The majority of vegetables need well-drained soil to grow. Wet soil is the opposite of well-drained soil and is also referred to as clay soil. If you have wet, or clay, soil, you risk losing many of your plants, even trees, to fungal diseases and rotted roots. You can improve and outsmart a wet, heavy soil by adding organic plant materials, building raised beds, and growing your prized vegetables in containers or raised planter boxes.
Determine if your soil is heavy clay that retains water. In early spring, use your garden spade to dig down about 6 inches in the area where you want to grow vegetables. Gather one handful of the soil and squeeze it in your hand--if it forms and stays in a compressed ball, you have wet clay soil. Wait until later in the spring when your soil has dried out a bit before you begin to improve it.
Dig in organic materials such as any type of compost, peat moss, straw, sawdust, well-rotted manure, wood chips, sand and vermiculite or perlite. Don’t skimp on these materials--they can comprise up to half of the volume of your wet clay soil. After you add these materials, rake the top of your bed level.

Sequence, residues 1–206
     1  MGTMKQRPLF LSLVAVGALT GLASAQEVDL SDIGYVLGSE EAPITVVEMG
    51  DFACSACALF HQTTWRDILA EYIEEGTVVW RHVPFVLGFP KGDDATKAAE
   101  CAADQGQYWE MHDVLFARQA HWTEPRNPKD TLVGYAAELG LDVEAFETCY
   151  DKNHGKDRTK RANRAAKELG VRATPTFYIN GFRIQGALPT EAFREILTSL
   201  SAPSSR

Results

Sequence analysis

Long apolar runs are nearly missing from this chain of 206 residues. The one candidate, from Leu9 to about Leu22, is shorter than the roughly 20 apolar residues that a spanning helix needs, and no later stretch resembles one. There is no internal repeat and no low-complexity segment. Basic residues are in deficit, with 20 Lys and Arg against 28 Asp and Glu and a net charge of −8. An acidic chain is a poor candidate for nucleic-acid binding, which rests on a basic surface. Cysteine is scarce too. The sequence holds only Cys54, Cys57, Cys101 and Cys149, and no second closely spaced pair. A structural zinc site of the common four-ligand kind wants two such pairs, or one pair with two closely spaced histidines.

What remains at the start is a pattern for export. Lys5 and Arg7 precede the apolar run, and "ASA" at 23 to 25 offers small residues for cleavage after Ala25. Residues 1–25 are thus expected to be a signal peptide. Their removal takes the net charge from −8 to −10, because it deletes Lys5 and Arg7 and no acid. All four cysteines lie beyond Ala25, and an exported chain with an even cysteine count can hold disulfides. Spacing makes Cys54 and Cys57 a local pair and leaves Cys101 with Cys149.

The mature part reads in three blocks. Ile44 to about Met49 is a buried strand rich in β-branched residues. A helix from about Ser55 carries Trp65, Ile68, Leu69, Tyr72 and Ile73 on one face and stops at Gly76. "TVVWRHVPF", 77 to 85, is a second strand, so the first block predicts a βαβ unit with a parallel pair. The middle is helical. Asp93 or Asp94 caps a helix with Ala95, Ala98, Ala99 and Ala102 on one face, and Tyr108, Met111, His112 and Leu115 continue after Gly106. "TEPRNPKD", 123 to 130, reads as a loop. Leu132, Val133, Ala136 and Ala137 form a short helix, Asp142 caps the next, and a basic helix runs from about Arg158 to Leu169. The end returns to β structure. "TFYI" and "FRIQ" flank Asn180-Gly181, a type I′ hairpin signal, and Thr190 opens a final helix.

Build raised beds on top of your wet clay soil. You can build simple frames without bottoms and fill them with sandy, loamy soil that you have purchased. Add the same types of organic materials you would add to clay soil: compost, peat moss, straw, sawdust, well-rotted manure, wood chips, sand and vermiculite, or perlite. Use 2-by 12-inch redwood boards to make frames. You also can use cinder blocks for your raised garden frame. A good size for a raised bed of this type is 3 or 4 feet wide by 8 feet long.
Plant your vegetables in large containers, such as half wine barrels. Make sure your container has at least one drainage hole and then fill it with an all-purpose potting soil. If you want to add nutrients such as compost to your potting soil, they will help to nourish your plants all summer and will reduce the plants’ need for additional fertilizer.
Plant a cover crop in fall. Rye, ryegrass, fava beans and winter barley are good choices for a winter crop that you will plow under the following spring.